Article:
There are more than 250 types of melons cultivated around the world, and all the one’s with seeds in the center are descended from the same species of musk melon whose origin was the Fertile Crescent, or what we now call the Middle East.
Melons are desert plants and the best way to ripen one to full maturity is to use dry-farming techniques and then leave it on the vine until the last moment before it is eaten. The fact that most large-scale melon growers use frequent applied-watering methods and pick the melons early to facilitate transport means that it is almost impossible to find a superlative melon at a supermarket. However, a well-timed melon foray to your local Farmers Market (or better still a roadside farm-stand) during the late summer season can be one of the culinary highlights of the year.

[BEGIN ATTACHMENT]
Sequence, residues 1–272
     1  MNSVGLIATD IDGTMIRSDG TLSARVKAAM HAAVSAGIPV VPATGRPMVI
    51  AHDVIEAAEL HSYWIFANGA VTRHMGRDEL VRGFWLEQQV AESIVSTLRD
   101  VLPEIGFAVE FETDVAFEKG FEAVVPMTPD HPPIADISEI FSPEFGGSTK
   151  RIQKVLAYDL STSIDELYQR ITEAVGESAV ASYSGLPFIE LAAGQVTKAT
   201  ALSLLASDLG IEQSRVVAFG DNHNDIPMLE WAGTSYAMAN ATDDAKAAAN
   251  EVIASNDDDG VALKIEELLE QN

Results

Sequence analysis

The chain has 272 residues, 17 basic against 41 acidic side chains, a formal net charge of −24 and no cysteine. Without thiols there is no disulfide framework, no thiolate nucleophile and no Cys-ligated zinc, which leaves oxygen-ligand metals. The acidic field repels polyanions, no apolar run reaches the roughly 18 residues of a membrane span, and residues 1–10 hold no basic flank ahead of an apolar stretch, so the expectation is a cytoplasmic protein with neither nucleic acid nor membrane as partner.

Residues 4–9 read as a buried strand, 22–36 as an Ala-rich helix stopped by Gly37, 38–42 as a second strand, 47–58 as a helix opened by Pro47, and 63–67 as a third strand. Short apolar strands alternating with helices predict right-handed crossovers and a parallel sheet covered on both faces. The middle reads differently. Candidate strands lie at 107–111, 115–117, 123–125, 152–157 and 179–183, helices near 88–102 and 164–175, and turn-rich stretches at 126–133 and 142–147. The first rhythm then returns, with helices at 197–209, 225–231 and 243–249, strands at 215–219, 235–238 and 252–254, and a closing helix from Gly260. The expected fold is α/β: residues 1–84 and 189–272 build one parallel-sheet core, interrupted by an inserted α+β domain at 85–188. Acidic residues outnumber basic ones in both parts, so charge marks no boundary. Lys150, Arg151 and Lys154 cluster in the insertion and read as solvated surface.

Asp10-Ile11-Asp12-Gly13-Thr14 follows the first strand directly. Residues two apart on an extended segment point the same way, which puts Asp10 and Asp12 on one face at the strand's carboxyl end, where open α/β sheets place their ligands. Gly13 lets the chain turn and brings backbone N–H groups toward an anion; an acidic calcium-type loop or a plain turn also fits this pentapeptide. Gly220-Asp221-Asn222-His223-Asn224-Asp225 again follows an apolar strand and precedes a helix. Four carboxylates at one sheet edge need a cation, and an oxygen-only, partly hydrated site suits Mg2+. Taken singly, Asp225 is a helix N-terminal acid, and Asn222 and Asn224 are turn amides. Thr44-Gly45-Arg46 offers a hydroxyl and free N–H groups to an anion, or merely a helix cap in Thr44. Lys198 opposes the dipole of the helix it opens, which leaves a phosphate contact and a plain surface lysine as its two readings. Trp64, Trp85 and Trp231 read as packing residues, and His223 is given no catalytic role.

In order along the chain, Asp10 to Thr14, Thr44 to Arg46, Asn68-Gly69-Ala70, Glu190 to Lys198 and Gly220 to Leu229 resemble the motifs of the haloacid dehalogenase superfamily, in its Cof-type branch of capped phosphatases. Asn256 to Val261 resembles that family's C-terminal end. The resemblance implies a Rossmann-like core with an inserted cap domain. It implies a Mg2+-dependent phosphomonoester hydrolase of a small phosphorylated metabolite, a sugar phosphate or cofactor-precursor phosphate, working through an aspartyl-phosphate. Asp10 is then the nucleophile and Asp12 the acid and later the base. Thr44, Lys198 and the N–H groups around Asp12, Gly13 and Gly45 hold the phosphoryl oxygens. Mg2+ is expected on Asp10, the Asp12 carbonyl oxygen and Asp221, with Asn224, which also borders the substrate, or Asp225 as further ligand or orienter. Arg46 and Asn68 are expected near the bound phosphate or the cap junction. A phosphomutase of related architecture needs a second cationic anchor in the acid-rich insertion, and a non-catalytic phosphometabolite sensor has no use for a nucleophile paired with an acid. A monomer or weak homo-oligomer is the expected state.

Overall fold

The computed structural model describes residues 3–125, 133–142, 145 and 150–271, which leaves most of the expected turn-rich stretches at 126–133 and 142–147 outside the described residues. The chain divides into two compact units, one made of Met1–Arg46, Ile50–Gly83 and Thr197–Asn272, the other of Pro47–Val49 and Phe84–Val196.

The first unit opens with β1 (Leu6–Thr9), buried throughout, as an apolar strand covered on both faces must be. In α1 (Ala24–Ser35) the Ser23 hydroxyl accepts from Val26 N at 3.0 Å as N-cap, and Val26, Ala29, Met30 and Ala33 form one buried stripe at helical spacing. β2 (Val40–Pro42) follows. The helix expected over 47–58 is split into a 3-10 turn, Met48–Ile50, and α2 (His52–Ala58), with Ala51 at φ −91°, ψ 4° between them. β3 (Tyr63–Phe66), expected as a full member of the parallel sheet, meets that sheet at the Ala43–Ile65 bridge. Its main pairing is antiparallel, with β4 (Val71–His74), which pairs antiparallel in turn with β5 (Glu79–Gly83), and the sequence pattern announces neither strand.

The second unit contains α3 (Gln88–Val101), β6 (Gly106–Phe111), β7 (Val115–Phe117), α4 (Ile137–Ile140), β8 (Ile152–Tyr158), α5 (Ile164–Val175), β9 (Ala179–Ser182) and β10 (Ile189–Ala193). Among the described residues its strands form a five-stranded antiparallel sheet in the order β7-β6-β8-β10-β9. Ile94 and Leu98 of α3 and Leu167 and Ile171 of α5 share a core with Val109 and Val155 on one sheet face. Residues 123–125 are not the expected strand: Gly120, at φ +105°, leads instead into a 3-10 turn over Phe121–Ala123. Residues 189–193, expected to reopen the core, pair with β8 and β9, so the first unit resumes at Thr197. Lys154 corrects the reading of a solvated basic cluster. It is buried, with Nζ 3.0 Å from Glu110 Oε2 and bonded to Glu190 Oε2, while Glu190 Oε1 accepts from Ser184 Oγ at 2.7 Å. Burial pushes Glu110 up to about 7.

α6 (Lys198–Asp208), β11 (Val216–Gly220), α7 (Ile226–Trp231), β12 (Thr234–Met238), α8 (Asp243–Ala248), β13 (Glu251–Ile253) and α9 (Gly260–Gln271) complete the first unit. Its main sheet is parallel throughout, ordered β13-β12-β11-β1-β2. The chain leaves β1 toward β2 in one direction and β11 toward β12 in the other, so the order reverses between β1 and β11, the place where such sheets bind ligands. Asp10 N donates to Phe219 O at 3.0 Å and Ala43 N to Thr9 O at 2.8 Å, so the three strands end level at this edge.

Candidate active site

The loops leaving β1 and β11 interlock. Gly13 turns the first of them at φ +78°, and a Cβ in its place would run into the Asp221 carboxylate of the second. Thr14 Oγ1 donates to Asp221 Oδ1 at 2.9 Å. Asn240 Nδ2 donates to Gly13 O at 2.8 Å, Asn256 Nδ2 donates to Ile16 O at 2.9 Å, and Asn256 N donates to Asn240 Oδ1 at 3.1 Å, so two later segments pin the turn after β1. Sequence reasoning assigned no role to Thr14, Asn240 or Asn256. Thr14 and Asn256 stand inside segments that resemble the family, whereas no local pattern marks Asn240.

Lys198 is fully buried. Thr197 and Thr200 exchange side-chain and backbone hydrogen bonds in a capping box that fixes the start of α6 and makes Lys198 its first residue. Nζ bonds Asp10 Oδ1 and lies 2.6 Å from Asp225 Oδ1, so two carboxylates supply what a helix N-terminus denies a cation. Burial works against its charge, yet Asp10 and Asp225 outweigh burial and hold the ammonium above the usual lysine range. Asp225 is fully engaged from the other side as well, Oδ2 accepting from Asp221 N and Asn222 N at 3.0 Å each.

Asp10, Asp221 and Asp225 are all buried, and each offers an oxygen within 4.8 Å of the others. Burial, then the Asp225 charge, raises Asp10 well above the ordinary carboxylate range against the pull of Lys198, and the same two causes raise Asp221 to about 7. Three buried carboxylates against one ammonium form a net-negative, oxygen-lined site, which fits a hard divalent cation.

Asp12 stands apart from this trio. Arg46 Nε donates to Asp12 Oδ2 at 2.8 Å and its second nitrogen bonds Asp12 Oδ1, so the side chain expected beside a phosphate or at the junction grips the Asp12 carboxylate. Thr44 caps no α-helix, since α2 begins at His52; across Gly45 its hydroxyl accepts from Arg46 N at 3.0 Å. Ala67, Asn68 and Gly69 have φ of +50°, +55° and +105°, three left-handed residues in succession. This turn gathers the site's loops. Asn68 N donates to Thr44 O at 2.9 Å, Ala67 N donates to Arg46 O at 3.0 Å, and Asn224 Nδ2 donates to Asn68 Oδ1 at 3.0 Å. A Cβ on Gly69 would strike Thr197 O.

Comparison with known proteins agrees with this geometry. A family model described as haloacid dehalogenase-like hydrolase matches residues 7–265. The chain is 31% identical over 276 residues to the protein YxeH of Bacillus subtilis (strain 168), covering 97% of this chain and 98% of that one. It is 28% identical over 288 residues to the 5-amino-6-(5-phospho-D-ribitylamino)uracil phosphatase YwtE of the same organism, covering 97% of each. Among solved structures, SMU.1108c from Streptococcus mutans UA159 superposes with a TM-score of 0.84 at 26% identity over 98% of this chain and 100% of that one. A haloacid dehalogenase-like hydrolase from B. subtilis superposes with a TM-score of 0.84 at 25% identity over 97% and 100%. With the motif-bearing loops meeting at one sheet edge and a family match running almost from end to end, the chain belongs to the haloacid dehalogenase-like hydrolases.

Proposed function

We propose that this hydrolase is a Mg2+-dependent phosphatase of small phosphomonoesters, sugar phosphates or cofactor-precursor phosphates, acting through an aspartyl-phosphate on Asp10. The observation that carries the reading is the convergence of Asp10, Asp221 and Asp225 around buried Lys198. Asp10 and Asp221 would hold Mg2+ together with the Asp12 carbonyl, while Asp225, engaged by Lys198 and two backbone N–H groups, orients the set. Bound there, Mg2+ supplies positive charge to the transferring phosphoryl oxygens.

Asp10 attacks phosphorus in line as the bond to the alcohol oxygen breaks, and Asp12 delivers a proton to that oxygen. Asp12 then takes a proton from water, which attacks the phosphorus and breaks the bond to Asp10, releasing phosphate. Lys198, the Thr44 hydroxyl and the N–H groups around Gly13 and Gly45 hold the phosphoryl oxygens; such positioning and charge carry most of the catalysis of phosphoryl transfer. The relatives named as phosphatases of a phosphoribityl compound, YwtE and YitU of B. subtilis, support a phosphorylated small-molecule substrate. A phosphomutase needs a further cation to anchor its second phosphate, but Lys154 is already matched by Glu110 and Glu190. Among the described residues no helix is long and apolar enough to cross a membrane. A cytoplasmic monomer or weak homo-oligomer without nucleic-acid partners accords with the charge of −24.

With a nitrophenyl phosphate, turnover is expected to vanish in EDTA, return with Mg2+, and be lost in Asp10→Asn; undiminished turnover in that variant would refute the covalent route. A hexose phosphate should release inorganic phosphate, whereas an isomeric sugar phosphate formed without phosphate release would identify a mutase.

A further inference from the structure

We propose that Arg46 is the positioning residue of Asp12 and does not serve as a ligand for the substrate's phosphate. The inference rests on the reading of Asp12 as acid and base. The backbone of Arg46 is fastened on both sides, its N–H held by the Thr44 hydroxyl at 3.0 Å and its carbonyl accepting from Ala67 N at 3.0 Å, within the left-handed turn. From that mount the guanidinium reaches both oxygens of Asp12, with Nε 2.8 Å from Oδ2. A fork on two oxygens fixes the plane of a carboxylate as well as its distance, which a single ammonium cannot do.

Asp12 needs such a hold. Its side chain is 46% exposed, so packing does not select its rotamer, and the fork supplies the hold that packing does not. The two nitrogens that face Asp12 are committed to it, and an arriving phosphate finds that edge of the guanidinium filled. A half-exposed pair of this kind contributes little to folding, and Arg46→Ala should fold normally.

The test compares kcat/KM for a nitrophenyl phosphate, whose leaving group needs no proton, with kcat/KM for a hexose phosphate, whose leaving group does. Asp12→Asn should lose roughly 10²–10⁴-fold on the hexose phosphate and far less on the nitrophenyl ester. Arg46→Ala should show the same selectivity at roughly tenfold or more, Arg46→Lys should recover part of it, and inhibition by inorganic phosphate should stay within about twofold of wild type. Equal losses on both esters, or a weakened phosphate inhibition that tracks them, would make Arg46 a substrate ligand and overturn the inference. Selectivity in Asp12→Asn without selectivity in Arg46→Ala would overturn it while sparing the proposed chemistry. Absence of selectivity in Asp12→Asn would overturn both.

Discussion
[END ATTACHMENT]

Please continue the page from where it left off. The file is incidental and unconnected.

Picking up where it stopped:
The problem with the frequent watering methods employed by most commercial growers who supply the melons to supermarkets is that they result in melons with significantly lower Brix* levels than what can be acheived by a small water-wise farmer.
The whole point of the dry-farming technique is to enrich the soil early in the spring and then to only apply water sparingly throughout the growing season. This serves to urge the plant’s tap root to delve deep into the soil in order to find the moisture and nutrients it needs to develop its full flavor potential. Brix is much more than merely the measure of a plant’s sugar content. It also indicates the presence of amino acids, oils, proteins, flavonoids, minerals, and other tasty elements within the ripened fruit.